Microwaves ‘could be as bad for the environment as cars’
Use of microwave ovens in households across the European Union member states is responsible for a level of carbon dioxide emissions equivalent to nearly seven million cars, and new regulations are needed to address their impact on the environment, according to a new study.
Despite microwaves accounting for the largest percentage of sales of all type of ovens in the EU, with numbers set to reach nearly 135 million by 2020, researchers at the University of Manchester who have carried out what they claim is the first ever comprehensive ‘cradle to grave’ analysis of environmental impacts say little has been done before now to assess this aspect of their use.
The project, reported in the journal Science of the Total Environment, used lifecycle assessment that takes into account manufacture, use and end-of-life waste management. Based on 12 different environmental factors including climate change, depletion of natural resources and ecological toxicity, researchers estimate that ovens in the EU emit 7.7 million tonnes of carbon dioxide, a similar annual amount to 6.8 million cars.
Although the main ‘hotspots’ are raw materials, the manufacturing process and end-of-life waste management, it is electricity consumption that has the biggest impact on the environment, from production of fuels to generation of electricity.
The average microwave uses 573kWh of energy over its eight-year lifespan, despite that fact that it spends more than 90 per cent of its time in standby mode. In total, ovens across the EU consume an estimated 9.4TWh every year, similar to the output of three large gas-powered electricity plants.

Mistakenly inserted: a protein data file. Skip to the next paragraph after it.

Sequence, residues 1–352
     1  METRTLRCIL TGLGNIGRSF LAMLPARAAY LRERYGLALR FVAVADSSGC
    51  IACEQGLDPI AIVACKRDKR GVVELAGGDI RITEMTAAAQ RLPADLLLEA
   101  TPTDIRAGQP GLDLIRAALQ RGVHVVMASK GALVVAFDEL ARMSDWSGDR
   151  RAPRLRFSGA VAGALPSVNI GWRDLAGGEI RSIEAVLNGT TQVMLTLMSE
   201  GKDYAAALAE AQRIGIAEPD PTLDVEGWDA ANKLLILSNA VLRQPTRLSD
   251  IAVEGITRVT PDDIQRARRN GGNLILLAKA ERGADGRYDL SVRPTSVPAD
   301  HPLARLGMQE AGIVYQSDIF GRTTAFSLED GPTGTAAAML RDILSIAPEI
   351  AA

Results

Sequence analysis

Waste is another major problem. Low cost and ease of manufacture means that consumers are throwing away more electrical and electronic equipment like microwaves than ever before. In 2005, across the EU, 184,000 tonnes of EE waste was generated from discarded microwaves. By 2025 this is estimated to rise to 195,000 tonnes.
Lifespan is getting shorter too, having fallen from 10-15 years in the late 1990s to between six and eight years today, something that is attributed in part to consumers buying new appliances before the existing ones reach the end of their useful life.
The study’s authors also suggest that efforts to reduce consumption should focus on improving consumer awareness and behaviour to use appliances more efficiently, for example by adjusting cooking time.
According to Dr Alejandro Gallego-Schmid from Manchester’s School of Chemical Engineering & Analytical Science, existing regulation are not sufficient to reduce the environmental impacts of microwaves and recommends that the EU should develop specific rules that target their design.
“Given that microwaves account for the largest percentage of sales of all type of ovens in the EU, it is increasingly important to start addressing their impact on resource use and end-of-life waste,” he said.